Senior living developers and operators are preparing for a population boom that will drive demand for senior housing going forward. With baby boomers still years away from moving into senior living communities in large numbers, building trends today are still well ahead of that particular population curve.
Yet, other age cohorts will lead to demand swings in the meantime, says Beth Mace, chief economist at the National Investment Center for Seniors Housing and Care (NIC). Mace recently examined some of those other age cohorts as they relate to senior housing demand in the coming years.
Based on anecdotal evidence indicating the average move-in age to senior housing is 82 to 84 years of age and the average length of stay is around 2 to 3 years, Mace analyzes an age cohort comprising 82- to 86-year-olds, noting that growth in the cohort actually began decelerating in 2013 and will experience negative growth this year and next.
“This deceleration in growth largely reflects the effects of the Great Depression when fertility rates fell sharply causing births to hit a low point in 1933,” Mace writes in a blog post published by NIC. “If you add 82 years to 1933, those born in 1933 are 82 today, the lower age of the cohort residing in seniors housing.”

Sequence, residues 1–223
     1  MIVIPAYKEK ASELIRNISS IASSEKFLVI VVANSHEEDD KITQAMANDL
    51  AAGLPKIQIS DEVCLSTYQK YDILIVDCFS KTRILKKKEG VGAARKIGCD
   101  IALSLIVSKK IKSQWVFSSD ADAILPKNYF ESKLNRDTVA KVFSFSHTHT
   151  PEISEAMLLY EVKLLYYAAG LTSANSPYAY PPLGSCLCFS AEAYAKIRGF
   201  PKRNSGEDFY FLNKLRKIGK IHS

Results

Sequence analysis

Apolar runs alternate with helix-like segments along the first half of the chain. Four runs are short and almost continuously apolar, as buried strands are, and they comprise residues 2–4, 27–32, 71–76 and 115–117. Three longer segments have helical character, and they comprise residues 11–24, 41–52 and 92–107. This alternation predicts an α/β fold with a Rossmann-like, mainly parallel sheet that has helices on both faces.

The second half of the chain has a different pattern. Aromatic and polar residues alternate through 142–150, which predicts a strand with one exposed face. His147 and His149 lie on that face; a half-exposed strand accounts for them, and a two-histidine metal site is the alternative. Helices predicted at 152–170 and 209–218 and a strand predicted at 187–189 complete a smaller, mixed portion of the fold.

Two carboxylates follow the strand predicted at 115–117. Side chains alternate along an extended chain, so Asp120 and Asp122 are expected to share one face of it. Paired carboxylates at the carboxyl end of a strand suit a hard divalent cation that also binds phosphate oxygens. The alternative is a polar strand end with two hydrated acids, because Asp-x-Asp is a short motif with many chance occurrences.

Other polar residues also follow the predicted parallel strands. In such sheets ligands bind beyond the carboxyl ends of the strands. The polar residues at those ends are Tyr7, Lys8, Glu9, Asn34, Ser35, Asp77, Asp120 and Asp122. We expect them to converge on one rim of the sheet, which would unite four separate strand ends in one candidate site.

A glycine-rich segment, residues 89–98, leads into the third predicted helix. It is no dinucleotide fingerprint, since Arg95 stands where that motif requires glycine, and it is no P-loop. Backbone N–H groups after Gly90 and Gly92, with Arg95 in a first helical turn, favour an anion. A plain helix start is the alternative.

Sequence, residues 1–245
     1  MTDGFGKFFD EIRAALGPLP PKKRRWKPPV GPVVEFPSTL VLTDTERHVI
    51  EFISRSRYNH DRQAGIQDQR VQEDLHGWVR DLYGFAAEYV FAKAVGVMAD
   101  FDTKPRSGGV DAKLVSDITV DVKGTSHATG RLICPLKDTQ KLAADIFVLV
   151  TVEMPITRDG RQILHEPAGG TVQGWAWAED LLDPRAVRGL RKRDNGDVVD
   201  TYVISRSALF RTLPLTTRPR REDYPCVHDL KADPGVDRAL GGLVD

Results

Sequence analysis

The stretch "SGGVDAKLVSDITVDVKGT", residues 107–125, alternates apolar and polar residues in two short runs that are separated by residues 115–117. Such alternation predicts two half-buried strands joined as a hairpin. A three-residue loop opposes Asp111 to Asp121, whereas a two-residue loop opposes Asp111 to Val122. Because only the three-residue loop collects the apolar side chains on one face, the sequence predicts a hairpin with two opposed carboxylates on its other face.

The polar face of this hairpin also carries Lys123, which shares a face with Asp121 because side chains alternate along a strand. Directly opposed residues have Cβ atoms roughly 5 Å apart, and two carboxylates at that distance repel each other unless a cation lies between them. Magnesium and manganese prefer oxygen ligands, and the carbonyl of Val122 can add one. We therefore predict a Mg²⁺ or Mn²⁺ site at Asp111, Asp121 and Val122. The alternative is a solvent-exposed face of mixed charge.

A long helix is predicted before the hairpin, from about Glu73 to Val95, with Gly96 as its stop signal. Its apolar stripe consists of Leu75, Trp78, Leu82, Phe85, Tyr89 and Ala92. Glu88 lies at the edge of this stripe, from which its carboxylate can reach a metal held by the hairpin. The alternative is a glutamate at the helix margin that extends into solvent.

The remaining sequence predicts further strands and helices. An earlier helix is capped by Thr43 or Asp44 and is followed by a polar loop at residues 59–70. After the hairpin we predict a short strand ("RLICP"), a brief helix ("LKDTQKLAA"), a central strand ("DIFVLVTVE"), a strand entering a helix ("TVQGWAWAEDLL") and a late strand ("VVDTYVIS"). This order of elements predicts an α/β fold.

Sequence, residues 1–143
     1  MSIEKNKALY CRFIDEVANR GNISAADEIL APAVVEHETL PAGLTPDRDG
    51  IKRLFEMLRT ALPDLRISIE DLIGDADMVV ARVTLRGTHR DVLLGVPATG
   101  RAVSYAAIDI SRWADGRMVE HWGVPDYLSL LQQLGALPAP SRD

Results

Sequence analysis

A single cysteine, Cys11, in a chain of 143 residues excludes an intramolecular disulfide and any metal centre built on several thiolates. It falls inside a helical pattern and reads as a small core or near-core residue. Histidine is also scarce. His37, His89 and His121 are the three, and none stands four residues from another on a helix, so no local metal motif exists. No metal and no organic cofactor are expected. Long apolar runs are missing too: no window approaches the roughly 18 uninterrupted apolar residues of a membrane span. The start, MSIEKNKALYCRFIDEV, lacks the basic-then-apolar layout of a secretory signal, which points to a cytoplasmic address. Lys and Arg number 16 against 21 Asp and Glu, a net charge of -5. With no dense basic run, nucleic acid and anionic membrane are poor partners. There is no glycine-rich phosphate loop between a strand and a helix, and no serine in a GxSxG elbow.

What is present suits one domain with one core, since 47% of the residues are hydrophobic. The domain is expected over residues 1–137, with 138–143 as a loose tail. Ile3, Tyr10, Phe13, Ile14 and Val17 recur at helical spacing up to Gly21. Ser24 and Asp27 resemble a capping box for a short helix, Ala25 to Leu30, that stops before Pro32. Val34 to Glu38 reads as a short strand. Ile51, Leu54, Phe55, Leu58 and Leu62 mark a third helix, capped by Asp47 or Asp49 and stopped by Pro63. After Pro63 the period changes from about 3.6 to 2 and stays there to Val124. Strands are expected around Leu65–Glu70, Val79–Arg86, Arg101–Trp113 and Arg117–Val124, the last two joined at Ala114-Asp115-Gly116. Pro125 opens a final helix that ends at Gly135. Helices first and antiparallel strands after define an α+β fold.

The cohort is expected to experience growth again between 2017 and 2025, but there could be a decrease in demand in the meantime.
“This suggests that there will be a demographic slowdown in this age cohort which could impact demand for seniors housing this year and next,” Mace writes. “By 2017, the 82-86 cohort will start to accelerate again and will generally continue to do so until 2025, providing a nice demographic driver for seniors housing. Between 2017 and 2025, this cohort will increase in size by 1.5 million persons, or 29% from 5.1 million to 6.6 million.”
There are several implications, NIC’s analysis notes, including this short-term decline in demographics as a driver for senior living demand. Additional considerations include ongoing growth of the 75- to 81-year-old age cohort through 2018, which Mace notes may drive post-acute care needs such as those relating to knee and hip replacement surgeries.
Combined growth also leads to more opportunities for post-acute care coordination and new development types, she notes.
The baby boom influence, while still years away, is the next indicator for demand as the group shifts from being the adult influencers of senior living decisions to becoming the resident population themselves.
Written by Elizabeth Ecker